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A music man and much, much more

Ted Thorson

BEMIDJI—Most people knew Ted Thorson as an enthusiastic music educator and band director. But close friends are remembering the 96-year-old Bemidji man who died this week for so much more.

He was an avid golfer. He served one term in the Minnesota House of Representatives and eight years on the Bemidji School Board. And he was a Marine Corps pilot during World War II.

"Ted is one of the most unforgettable characters I've ever known," said friend Tom Swanson, who worked with Thorson in the BSU music department. "I love him a lot."

Memorial services will be 10:30 a.m. Saturday at First Lutheran Church. Inurnment will be in Minnesota State Veterans Cemetery, Little Falls.

Thorson and his wife, Margaret, moved their family to Bemidji in 1966 when Ted joined the Bemidji State College faculty as band director. In addition to conducting marching and concert bands, he was instrumental in the success of the school's summer band camp that attracted musicians from throughout the region and state.

"Ted had a very strong connection with band directors in the area, especially in northern Minnesota," said Fulton Gallagher, who chaired the music department when Thorson arrived. "Since he was a doctoral student and received his Ph.D. from Northwestern University, I'd say 60 to 70 percent at least of the faculty at band camp were from Northwestern. It was fantastic. We had as many as 1,000 students at the camp. Band camp was quite influential in attracting music students here from the high schools in the area and throughout Minnesota. It was a big deal.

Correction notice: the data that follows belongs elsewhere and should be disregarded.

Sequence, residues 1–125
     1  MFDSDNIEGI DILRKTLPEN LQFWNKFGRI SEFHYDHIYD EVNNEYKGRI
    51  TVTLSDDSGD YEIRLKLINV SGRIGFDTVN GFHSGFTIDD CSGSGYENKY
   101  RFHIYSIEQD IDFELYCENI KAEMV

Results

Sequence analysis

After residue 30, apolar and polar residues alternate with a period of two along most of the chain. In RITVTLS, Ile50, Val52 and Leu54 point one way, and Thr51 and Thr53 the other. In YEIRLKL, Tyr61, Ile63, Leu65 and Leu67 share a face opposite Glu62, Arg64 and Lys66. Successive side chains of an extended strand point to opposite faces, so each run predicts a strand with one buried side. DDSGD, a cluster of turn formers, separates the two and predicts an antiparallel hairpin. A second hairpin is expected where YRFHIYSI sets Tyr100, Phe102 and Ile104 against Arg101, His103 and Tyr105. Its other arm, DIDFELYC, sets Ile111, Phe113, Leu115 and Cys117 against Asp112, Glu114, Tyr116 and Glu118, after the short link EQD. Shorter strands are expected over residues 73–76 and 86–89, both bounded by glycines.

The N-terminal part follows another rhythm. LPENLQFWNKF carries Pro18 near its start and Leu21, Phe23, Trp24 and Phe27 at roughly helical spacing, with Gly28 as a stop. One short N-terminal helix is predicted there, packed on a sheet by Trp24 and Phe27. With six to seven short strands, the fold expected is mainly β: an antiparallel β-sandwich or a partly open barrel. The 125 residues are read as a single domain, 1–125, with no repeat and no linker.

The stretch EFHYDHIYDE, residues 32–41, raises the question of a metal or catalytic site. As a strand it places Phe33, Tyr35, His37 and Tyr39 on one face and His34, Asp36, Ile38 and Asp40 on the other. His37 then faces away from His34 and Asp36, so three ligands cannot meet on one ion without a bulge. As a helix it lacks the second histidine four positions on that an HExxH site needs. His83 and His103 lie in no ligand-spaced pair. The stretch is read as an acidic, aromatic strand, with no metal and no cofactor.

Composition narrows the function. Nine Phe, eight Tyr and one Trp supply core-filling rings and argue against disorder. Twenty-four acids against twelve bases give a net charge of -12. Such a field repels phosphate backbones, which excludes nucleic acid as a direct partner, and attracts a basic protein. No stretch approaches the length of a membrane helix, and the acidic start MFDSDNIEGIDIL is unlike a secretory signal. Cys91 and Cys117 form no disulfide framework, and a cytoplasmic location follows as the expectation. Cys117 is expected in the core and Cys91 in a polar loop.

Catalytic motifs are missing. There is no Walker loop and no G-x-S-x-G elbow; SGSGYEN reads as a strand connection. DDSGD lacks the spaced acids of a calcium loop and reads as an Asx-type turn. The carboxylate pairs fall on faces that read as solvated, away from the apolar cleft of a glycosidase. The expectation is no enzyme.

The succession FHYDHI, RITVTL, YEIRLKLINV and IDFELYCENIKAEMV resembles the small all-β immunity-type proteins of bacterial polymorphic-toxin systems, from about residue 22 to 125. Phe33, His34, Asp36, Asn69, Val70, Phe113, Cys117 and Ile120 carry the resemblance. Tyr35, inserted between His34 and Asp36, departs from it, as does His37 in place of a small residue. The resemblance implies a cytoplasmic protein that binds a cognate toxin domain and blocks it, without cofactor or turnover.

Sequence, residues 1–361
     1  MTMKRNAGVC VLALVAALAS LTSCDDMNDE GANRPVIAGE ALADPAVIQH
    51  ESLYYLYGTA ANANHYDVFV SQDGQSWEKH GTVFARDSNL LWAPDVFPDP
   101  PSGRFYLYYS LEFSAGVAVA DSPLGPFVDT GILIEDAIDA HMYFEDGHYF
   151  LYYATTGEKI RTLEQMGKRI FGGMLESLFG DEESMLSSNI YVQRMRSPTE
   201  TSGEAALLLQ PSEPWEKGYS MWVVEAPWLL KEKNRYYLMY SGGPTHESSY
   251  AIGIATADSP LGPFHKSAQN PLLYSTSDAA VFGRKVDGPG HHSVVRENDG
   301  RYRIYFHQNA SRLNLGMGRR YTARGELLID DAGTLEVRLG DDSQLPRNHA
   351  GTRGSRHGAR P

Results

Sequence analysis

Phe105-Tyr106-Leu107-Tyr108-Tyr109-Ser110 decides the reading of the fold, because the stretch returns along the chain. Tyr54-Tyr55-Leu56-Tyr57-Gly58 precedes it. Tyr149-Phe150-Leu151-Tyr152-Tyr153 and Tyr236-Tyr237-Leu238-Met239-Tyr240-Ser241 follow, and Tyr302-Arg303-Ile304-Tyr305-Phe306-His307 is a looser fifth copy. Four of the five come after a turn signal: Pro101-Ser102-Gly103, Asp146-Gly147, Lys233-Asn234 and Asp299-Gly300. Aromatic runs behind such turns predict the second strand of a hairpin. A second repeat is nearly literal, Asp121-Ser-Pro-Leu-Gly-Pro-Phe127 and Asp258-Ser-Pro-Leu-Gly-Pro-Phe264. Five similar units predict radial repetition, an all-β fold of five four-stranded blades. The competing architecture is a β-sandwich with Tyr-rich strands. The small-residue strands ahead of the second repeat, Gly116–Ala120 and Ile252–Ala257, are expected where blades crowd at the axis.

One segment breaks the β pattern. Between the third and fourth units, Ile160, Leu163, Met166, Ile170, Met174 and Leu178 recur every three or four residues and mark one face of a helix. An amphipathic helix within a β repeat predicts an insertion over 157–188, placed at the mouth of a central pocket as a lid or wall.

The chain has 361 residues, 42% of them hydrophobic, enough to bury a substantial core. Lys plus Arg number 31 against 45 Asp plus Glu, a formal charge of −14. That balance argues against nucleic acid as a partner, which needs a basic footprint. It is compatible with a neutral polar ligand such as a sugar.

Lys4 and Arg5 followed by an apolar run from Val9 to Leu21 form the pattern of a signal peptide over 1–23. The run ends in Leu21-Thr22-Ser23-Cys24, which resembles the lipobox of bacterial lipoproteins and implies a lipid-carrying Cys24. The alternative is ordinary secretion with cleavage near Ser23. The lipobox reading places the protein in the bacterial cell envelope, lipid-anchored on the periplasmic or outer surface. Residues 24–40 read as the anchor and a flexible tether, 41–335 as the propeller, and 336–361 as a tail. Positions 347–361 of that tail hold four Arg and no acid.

"He was one of the most likeable guys you'd ever want to meet," Gallagher added. "He was very pleasant, he never engaged in arguments. He was a heck of a good band director. Back in those days we had a marching band that would participate in homecoming and at halftime of the football games. He was quite good at that, a very gifted conductor."

Golf also was a passion for Thorson. He was an accomplished player who also cherished the friendships he made on the course.

"The first thing he did after we got kind of acquainted, is he needed people to play golf," Swanson recalled. "He talked me into going out there with him. I kind of half imitated his swing. He was really my mentor on the golf course."

As Swanson and other golfers in the group grew older, they tried to talk Thorson into moving up to the forward tees. "He wouldn't do it," Swanson said. "He continued to use the white tees until he was in his late 70s. Finally he would go to the gold tees and then, of course, he'd overshoot the second shot. He was serious about his game. He could be 25 over par and he was still hitting that last putt on the 18th green like it mattered."

After his retirement from BSU in 1984, Thorson was elected to serve District 4A in the Minnesota House of Representatives.

When Gallagher conducted a Bemidji Area Community Band concert a few years ago, he asked Thorson to stand and be recognized for his contributions to the music scene. "Everyone in attendance just applauded and applauded," Gallagher said. "He was extremely well respected. I never heard Ted to say anything negative about anyone."